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Another Self-Defense Decision on a Troublesome Doctrine

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In State v. Harvey, ___ N.C. ___, ___ S.E.2d ___ (June 14, 2019), a five to one majority of the North Carolina Supreme Court affirmed the unpublished decision of a divided panel of the Court of Appeals, ___ N.C. App. ___, 817 S.E.2d 500 (2018), holding that the trial judge properly refused to instruct the jury on perfect and imperfect self-defense in a homicide case. In so ruling, the majority in the Supreme Court and Court of Appeals relied on the “belief” doctrine created by our courts over the last 25 years. The opinions, four in all, show that our courts are continuing to wrestle with the implications of that doctrine.

Facts of the Case. The majority and dissenting opinions in Harvey, in both the Supreme Court and Court of Appeals, had differing views of the evidence. Here is a summary of the facts described by the majority of the Supreme Court, with some of the differences noted.

Briefly, the decedent, Tobias Toler, went to a party at the mobile home of the defendant, Alphonzo Harvey. Toler was drinking a high alcohol beer and began staggering around Harvey’s home, acting in a loud and rowdy manner, and cussing. Harvey told Toler to leave about seven or eight times, but Toler refused to leave unless Harvey went outside with him. Once the two were outside, Toler said he ought to whip Harvey’s “damn ass.” He threw a plastic bottle at Harvey and missed; he also threw a small broken piece of brick at Harvey, cutting Harvey’s finger. (The dissent in the Supreme Court observed that other testimony indicated that the bottle was glass and that the brick hit the side of the mobile home with a loud thud. Slip op., dissent, at 3 n.1.)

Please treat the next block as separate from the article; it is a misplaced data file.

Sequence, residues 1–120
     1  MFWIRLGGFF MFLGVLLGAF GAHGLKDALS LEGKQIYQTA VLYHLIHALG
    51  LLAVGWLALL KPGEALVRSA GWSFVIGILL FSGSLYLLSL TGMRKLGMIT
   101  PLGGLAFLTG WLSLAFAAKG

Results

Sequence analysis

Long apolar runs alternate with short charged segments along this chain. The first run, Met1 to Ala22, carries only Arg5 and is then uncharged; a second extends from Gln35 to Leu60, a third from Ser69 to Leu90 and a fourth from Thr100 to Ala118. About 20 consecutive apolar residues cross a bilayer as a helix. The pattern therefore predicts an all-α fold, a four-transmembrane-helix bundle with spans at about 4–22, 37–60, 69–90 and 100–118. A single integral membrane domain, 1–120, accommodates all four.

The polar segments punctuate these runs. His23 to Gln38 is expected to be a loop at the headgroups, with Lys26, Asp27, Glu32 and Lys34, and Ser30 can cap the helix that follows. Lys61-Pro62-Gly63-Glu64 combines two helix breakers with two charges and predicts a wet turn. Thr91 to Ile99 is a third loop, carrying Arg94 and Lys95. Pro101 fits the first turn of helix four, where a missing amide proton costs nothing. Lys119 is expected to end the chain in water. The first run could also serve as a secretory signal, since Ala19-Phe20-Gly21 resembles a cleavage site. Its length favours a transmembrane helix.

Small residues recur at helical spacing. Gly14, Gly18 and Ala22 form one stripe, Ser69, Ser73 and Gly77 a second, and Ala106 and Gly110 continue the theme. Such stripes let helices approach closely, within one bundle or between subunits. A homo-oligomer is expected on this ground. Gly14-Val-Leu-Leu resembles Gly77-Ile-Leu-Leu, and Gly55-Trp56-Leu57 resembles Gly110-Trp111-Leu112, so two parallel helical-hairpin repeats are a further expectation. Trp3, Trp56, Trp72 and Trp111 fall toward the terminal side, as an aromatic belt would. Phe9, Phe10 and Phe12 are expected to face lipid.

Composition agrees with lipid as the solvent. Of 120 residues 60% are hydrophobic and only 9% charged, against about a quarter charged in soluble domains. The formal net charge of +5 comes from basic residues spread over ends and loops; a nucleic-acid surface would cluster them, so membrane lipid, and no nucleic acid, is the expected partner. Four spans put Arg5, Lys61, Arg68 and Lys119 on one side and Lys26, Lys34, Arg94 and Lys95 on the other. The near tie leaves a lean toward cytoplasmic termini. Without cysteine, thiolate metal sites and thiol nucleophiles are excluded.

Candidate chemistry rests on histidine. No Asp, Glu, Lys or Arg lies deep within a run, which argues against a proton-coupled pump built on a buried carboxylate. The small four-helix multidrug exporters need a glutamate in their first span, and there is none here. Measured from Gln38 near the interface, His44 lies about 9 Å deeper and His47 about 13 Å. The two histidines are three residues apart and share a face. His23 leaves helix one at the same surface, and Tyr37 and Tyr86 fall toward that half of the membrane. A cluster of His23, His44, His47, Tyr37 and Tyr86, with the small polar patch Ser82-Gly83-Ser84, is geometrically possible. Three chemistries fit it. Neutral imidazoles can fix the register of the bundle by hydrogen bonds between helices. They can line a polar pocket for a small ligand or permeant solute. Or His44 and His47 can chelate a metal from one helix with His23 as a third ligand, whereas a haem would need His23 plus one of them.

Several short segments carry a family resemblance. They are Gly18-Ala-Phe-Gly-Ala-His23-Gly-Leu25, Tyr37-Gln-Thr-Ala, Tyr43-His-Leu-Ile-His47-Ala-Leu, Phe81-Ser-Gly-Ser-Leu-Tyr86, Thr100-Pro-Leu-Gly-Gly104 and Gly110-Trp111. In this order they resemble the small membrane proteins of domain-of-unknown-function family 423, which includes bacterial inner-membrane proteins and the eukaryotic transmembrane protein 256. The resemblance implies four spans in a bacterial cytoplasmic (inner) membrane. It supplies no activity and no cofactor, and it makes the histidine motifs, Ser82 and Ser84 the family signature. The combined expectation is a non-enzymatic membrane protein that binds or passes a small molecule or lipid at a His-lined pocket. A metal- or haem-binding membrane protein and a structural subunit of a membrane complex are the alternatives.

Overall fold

While outside, Harvey again told Toler to leave, and Toler hit Harvey in the face. Harvey hit him back in the face. At some point in the conflict, Toler produced a small pocketknife, telling Harvey he ought to kill his “damn ass,” and Harvey went inside and retrieved a knife of his own. (The majority noted that witnesses testified that Harvey’s knife resembled an iron pipe with a blade on the end, Slip op., majority, at 3 n.3, while the dissent cited Harvey’s testimony that the knife was mounted on the end of a wooden rod. Slip op., dissent, at 4.).

The majority and dissenting opinions describe the fatal exchange differently. According to the majority, after returning to the yard, Harvey approached Toler while swinging the knife, made a stabbing motion three times, and pierced Toler’s chest, which resulted in Toler’s death. Slip op. at 3–4. The dissenting opinion relied on Harvey’s testimony that Toler “came up on” him with his pocketknife in hand, which is when Harvey hit Toler with his knife. Slip op., dissent, at 4.

Counsel for Harvey gave notice of the intent to rely on self-defense before trial and requested self-defense instructions at trial, including an instruction on voluntary manslaughter. The trial judge refused these instructions and instructed the jury to consider only whether the defendant was guilty of first-degree murder, guilty of second-degree murder, or not guilty. The jury convicted Harvey of second-degree murder, and the trial judge sentenced him to a term of 483 months (about 40 years) to 592 months imprisonment. (The record indicates that Harvey was in prior record level VI, having been convicted of 16 misdemeanors and one Class I felony during a span of 30 years. Settled Record on Appeal at 37–40.)